She went down to the dining-room. Augustine stood looking out of the window. "Do come and see this delightful swallow," he said: "he's skimming over and over the lawn."
She felt that she could not look at the swallow. She could only walk to her chair and sink down on it. Augustine repelled her with his cheerfulness, his trivial satisfactions. How could he not know that she was in torment and that he had plunged her there. This involuntary injustice to him was, she saw again, veritably crazed.
She poured herself out water and said in a voice that surprised herself:—"Very delightful, I am sure; but come and have your lunch. I am hungry."
"And how pale you are," said Augustine, going to his place. "We stayed out too long. You got chilled." He looked at her with the solicitude that was like a brother's—or a doctor's. That jarred upon her racked nerves, too.
"Yes; I am cold," she said.
She took food upon her plate and pretended to eat. Augustine, she guessed, must already feel the change in her. He must see that she only pretended. But he said nothing more. His tact was a further turn to the knot of her sudden misery.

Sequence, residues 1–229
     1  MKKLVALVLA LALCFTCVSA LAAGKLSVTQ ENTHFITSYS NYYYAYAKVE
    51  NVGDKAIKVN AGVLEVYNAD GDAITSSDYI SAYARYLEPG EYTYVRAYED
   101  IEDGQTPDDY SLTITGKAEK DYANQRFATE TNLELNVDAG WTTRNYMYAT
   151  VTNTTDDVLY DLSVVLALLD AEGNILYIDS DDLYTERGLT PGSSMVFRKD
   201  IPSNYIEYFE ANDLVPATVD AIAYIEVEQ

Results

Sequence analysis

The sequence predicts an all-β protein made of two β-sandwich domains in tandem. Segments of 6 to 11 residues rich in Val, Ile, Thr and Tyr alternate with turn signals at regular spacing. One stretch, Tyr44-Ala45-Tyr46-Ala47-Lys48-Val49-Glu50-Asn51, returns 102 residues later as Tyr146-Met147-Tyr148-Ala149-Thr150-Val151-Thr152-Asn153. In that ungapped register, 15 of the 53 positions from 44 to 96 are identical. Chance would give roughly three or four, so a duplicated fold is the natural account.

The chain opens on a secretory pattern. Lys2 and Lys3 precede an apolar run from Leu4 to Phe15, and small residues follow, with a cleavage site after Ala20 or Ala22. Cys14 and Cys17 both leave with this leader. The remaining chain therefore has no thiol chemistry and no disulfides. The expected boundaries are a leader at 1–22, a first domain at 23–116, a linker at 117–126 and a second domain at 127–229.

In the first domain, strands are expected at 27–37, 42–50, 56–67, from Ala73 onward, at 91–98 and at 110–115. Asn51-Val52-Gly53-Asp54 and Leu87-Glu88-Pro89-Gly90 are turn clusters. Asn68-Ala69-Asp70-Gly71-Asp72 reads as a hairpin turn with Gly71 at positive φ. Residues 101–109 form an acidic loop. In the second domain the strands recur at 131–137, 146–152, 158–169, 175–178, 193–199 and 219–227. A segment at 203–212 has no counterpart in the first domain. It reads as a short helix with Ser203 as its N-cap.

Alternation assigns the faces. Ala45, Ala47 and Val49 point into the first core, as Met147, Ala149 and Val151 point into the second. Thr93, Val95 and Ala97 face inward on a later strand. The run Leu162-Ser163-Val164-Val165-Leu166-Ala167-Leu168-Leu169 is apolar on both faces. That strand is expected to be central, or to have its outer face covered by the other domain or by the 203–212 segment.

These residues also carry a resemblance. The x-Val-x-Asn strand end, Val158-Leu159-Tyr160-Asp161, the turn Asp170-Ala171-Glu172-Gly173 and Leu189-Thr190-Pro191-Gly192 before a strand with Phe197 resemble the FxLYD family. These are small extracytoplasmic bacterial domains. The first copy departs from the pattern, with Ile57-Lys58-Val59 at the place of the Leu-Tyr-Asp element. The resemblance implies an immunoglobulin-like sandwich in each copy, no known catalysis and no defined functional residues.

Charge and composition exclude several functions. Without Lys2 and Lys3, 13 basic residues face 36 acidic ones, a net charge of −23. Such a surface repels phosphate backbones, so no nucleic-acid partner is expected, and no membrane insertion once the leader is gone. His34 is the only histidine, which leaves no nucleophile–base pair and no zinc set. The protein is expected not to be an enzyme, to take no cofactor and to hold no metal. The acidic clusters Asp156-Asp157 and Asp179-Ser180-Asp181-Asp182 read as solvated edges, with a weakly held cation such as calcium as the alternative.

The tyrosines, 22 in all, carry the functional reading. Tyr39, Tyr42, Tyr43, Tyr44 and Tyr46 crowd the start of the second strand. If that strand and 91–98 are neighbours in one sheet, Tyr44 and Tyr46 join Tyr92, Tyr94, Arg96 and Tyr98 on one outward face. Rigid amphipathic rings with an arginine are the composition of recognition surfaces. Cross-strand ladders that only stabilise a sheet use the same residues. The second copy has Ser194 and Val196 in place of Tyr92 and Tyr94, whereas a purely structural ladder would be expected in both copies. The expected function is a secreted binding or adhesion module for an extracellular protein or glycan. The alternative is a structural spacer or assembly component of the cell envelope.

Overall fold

* * * * *
Augustine was with her in the drawing-room when she heard the wheels of the station-fly grinding on the gravel drive; they sounded very faintly in the drawing-room, but, from years of listening, her hearing had grown very acute.
She could never meet her husband without an emotion that betrayed itself in pallor and trembling and today the emotion was so marked that Augustine's presence was at once a safeguard and an anxiety; before Augustine she could be sure of not breaking down, not bursting into tears of mingled gladness and wretchedness, but though he would keep her from betraying too much to Sir Hugh, would she not betray too much to him? He was reading a review and laid it down as the door opened: she could only hope that he noticed nothing.
Sir Hugh came in quickly. At fifty-four he was still a very handsome man of a chivalrous and soldierly bearing. He had long limbs, broad shoulders and a not yet expanded waist. His nose and chin were clearly and strongly cut, his eyes brightly blue; his moustache ran to decisive little points twisted up from the lip and was as decorative as an epaulette upon a martial shoulder. Pleasantness radiated from him, and though, with years, this pleasantness was significant rather of his general attitude than of his individual interest, though his movements had become a little indolent and his features a little heavy, these changes, to affectionate eyes, were merely towards a more pronounced geniality and contentedness.
Today, however, geniality and contentment were less apparent. He looked slightly nipped and hardened, and, seeming pleased to find a fire, he stood before it, after he had shaken hands with his wife and with Augustine, and said that it had been awfully cold in the train.